2009 Suzuki Gladius Review
I’ll never forget sitting on the decaying bench seats in Turn 3 at the “Fastest Road in the West” (Willow Springs) years ago one Sunday afternoon to soak in some high-desert sun and good grass-roots club racing. An unfamiliar looking and sounding bike was piloted with adroitness through what’s called the Omega.
Leaning against the chain-link fence to get as close a look as possible on the next go ‘round, I sheepishly asked a fellow race-watcher what bike was making that distinctly-Twin exhaust note. “That’s the new V-Twin from Suzuki,” said the motorcycle racing fan. My jaw fell open in mild astonishment. I’d only recently heard of the new bike, and was quite certain I hadn’t seen any in dealers yet, and here some die-hard enthusiast was already racing the thing. And so began American riders’ love affair with the Suzuki SV650.
The 645cc liquid-cooled, carbureted 90-degree V-Twin devoid of bodywork took almost no time to reach cult status with its sporty handling and user-friendly low-end and mid-range grunt. Its un-faired design caused the eye to immediately focus on the unique mill hanging from the aluminum, oval-tube trellis-style frame. Not many bike makers in those days embraced the naked streetfighter style for the American market.
Nevertheless, the SV’s ease-of-use made it a hit with Average Joe Rider for commuting and weekend play, while its overall performance caused a groundswell in club racing across the country, all for the 1999 MSRP of $5,699. The bike really was all that and a bag of chips.
The first major update to the SV – and the partially-faired SV650S model introduced in 2000 – arrived in ’03 and included fuel-injection, a new beefy square-tube truss frame and marginal increases in power and torque. In 2007 ABS became on option on either model, and in 2008 the S model went full-fairing as the SV650SF. For 2009 Suzuki perceived performance characteristics between the SV and SF models to be too close, so an all-new model emerged to adapt to changing market demands. We know everyone loved the good ol’ SV, but Suzuki has come up with a solution to fill the gap left by the standard SV’s departure: the 2009 Gladius.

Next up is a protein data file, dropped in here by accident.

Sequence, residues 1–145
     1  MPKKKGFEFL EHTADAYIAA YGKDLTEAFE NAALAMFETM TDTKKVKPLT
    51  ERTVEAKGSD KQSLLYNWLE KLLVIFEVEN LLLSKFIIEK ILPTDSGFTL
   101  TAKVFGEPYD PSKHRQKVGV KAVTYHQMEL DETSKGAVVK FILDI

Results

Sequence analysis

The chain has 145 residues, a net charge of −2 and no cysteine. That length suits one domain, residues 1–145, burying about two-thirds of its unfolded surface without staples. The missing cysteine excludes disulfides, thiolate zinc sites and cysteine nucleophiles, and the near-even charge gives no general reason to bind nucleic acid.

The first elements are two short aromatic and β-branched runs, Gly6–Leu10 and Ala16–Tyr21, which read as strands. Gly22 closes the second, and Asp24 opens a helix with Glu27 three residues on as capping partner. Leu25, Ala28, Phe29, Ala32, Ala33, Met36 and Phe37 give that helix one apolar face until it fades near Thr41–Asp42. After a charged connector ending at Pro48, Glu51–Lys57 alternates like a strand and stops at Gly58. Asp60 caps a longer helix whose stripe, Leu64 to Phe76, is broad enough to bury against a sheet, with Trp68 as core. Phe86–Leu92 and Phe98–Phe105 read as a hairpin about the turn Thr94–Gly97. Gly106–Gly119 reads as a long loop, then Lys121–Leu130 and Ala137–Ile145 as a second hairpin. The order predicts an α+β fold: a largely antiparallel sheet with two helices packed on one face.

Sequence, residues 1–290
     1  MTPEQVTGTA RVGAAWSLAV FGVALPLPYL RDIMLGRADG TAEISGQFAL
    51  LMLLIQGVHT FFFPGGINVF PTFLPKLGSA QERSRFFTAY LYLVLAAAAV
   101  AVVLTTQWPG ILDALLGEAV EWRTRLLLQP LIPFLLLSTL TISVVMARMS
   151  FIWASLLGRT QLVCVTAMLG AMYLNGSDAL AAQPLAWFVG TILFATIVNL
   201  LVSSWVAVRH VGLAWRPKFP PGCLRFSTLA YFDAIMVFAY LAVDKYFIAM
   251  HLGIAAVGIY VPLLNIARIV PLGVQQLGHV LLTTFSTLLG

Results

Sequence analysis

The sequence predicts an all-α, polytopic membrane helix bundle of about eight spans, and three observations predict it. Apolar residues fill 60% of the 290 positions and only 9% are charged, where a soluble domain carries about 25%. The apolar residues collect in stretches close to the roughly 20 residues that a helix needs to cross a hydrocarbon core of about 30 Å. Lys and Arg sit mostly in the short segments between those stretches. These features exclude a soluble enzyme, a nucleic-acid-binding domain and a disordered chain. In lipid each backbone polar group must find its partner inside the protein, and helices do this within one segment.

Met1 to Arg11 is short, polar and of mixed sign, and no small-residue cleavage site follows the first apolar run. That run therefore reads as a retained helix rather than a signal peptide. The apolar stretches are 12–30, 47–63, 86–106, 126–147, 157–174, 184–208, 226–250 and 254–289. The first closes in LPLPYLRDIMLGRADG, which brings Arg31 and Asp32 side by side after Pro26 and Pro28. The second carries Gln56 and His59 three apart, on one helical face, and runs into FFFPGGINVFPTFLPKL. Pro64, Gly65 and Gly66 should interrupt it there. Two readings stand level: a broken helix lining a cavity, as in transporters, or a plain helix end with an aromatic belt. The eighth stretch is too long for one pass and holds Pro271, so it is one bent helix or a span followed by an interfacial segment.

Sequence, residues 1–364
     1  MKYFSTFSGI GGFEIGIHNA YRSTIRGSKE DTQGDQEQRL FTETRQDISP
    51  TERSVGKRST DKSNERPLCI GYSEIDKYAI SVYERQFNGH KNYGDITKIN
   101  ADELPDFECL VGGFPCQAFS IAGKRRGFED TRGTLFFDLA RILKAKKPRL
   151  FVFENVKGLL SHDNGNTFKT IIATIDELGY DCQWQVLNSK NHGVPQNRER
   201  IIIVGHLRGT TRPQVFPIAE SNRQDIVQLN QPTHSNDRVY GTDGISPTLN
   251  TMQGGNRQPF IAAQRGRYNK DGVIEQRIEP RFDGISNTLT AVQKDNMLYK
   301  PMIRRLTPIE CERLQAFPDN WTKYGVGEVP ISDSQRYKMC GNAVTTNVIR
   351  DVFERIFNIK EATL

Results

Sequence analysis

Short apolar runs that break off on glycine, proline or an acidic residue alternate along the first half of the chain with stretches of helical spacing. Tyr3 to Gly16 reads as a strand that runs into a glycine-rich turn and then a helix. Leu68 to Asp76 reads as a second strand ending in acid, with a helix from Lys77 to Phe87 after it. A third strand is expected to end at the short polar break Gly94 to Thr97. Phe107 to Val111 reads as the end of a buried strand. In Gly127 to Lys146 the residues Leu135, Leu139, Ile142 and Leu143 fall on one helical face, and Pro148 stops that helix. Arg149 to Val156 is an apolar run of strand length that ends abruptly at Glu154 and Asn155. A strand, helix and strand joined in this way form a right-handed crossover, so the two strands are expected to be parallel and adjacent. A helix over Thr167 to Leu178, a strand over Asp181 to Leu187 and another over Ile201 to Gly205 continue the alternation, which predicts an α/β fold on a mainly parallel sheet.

The new Zook and its name draw inspiration from the Latin word for sword, in particular, a relatively short, more manageable version of longer swords. The obvious allusion is that Suzuki’s Gladius is a new and improved, sleeker, friendlier version of the SV. Equally obvious is the strong design element, one that went virtually unchanged from concept to showroom. With its rounded edges, flowing lines and friendly ergos, the Gladius is also an attempt by Suzuki to capitalize on the growing U.S. female rider segment.
To dispel any idea the Gladius is “a girl’s bike,” Suzuki’s Glenn Hansen points out that through a host of updates the new SV-derived V-Twin made gains in torque and power over the old SV. A safe guess is the Gladius increased torque at least 10% over the claimed 47-ish ft-lbs from the SV. Judging by a Suzuki-provided dyno graph superimposed over a graph from the previous SV, the gain appears across most of the rev range. Horsepower gains looked considerably less, though some increase was evident. It’s worth noting that none of the changes in the Gladius’ mill are found in the current SV650SF.
In a 2006 Motorcycle.com comparison an SV650S churned out 71.1 hp and 45.2 ft-lbs. These are already respectable figures, so any gain in the Gladius is great!
Here’s some of the updates that improve overall engine performance and allow the Gladius’ V-Twin to make more claimed torque across most of the rev range along with a small but notable increase in horsepower.